The hot weather has prevented many patrons from utilizing Mean Mug’s existing outdoor seating, but Evelyn Medina believes that could change in the fall.

For permanent sidewalk seating permits, businesses must also leave 5 feet of space on the sidewalk for pedestrians.

The Salisbury Development and Code Services Division is interested in streamlining the review of an application for sidewalk seating that is only temporary, said Teresa Barringer, the city’s development services manager.

“To my knowledge, we’ve not had anybody call and ask for a temporary permit during the pandemic, but we may look at that differently,” Barringer said. “We’ve allowed other things to take place without permit requirements as a result of temporary pandemic conditions. We’ve allowed some curbside pickup for downtown businesses who need that to serve their customers.”

A potential barrier to gaining a permit for permanent sidewalk seating in downtown could be the required insurance liability waiver. Businesses must have a $1 million insurance liability policy to meet the city’s standards.

“Most small businesses may not have that amount and that would incur another cost in adding that type of coverage,” Medina said. “I can see where, if someone falls, the city wants to make sure that they’re not liable. I understand where they’re coming from. It’s just that, in the middle of a pandemic when we’re all trying to stay afloat, it could be a hindrance.”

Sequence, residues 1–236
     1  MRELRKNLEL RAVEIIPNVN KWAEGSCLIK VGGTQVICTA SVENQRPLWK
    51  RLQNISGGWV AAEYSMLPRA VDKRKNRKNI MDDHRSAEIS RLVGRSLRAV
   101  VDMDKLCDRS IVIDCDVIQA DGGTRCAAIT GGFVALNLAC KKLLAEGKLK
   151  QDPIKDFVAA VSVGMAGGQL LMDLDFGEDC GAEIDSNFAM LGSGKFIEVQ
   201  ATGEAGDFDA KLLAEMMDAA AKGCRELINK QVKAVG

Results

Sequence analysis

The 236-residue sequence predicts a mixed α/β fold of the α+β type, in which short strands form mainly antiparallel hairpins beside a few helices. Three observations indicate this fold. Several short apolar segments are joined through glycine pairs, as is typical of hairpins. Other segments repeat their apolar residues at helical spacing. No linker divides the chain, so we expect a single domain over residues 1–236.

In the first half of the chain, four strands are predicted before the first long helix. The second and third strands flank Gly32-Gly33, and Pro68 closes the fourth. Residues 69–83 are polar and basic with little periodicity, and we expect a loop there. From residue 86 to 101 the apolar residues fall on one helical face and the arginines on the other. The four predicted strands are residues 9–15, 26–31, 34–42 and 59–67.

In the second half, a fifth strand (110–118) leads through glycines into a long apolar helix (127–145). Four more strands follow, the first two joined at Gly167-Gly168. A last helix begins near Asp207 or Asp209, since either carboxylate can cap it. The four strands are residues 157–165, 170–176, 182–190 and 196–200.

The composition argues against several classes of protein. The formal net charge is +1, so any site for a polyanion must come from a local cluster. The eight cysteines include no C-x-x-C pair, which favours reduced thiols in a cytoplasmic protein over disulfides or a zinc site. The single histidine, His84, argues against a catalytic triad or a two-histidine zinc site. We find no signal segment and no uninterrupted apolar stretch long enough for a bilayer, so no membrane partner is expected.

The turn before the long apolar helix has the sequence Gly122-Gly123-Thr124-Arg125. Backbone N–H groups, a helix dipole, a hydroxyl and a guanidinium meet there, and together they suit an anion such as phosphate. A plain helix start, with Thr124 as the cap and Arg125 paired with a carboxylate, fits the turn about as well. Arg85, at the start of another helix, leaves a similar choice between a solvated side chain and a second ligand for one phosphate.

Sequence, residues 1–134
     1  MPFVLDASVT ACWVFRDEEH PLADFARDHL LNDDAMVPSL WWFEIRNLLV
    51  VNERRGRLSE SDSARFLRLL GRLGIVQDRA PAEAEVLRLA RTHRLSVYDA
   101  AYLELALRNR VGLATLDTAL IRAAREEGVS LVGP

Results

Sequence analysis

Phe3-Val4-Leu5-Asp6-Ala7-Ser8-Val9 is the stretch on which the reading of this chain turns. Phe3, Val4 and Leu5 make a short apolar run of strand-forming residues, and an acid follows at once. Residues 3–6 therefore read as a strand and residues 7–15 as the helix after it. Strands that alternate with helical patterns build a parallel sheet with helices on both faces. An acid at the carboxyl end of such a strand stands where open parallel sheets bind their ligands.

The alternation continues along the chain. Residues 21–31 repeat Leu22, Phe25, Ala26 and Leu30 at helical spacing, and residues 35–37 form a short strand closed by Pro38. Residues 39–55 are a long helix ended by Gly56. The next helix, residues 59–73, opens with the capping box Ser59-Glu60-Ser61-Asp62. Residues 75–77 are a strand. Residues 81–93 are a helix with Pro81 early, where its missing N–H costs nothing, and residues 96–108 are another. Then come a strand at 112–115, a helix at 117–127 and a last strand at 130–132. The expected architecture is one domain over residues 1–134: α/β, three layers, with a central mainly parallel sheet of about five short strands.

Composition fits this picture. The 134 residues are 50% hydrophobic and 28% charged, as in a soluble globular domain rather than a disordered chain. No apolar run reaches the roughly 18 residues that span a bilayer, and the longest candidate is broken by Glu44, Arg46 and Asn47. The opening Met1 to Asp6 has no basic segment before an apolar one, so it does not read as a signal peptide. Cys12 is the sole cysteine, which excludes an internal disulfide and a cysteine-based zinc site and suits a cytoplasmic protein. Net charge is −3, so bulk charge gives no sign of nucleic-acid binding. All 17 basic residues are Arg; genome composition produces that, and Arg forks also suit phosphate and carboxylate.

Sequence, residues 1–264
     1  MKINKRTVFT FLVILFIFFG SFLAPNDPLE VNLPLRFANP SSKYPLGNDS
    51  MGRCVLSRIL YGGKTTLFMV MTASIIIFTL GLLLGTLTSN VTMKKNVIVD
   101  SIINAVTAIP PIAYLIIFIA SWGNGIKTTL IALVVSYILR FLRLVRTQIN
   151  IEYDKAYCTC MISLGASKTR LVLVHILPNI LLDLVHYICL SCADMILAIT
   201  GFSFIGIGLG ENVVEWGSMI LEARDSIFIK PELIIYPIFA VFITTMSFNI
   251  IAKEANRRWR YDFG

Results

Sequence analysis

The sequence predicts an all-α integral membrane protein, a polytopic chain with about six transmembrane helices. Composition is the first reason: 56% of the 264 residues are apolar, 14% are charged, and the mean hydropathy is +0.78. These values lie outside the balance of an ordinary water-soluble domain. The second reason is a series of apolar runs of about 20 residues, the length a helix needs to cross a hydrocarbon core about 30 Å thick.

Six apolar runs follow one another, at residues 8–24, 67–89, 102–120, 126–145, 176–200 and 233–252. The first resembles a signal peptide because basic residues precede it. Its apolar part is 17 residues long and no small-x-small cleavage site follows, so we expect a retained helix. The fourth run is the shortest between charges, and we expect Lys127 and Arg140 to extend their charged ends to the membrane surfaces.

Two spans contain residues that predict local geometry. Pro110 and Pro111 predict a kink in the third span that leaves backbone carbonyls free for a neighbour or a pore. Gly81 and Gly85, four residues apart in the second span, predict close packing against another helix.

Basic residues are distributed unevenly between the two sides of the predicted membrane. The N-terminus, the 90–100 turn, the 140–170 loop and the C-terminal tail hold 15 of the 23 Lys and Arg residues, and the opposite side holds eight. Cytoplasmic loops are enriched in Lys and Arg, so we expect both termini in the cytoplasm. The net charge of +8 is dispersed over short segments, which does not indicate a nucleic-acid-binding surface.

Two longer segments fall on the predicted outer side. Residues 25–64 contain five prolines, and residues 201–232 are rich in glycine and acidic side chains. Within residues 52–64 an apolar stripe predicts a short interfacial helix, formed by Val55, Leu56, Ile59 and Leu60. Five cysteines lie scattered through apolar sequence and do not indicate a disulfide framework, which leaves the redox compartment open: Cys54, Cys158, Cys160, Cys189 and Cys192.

Mean Mug coffee possesses the necessary insurance policy to gain approval for outdoor seating, which Medina hopes to expand. Although Medina’s existing few outdoor tables and chairs haven’t been heavily used lately, she thinks that could change as the weather begins to cool down. Other restaurants are counting on the same thing.

“I think, even with the fall weather, outdoor seating is going to be a common thing that people are going to want to do now,” said Martin James, a manager at Sidewalk Deli on South Main Street. “People are going to be more inclined to sit outside.”

The Sidewalk Deli has expanded its outdoor tables down the Main Street sidewalk to leave plenty of room for pedestrians.

Sidewalk Deli has several tables and chairs outside its front doors under an overhang, but the restaurant has also added additional seating on the sidewalk extending down in front of a currently vacant storefront next door. At first, the tables extended further into the sidewalk. Then, a Salisbury code enforcement officer asked Sidewalk Deli to move them closer to the building.

“We had one person call and mention and we had code enforcement stop by and they just told us we couldn’t have them too close to the road,” James said. “We just adjusted and put them in front of the vacant store next to us.”

James has noticed that customers have had a larger appetite for enjoying a meal outdoors. He thinks the trend is here to stay.

“I think the transition will be after this whole thing clears up, more people are going to want to sit outside in general,” James said.

Teeter hopes to have Sweet Meadow’s new outdoor seating area ready by the time cooler weather sets in. She’s already had local artists paint colorful flowers on the fence in order to recreate the eclectic vibe that’s captured inside the restaurant.

“We’re hoping that our customers will enjoy it, make use of it,” Teeter said. “God bless if someday things go back to normal, we’ll put more tables out there and more tables inside and we’ll have a grand old time with all of it.”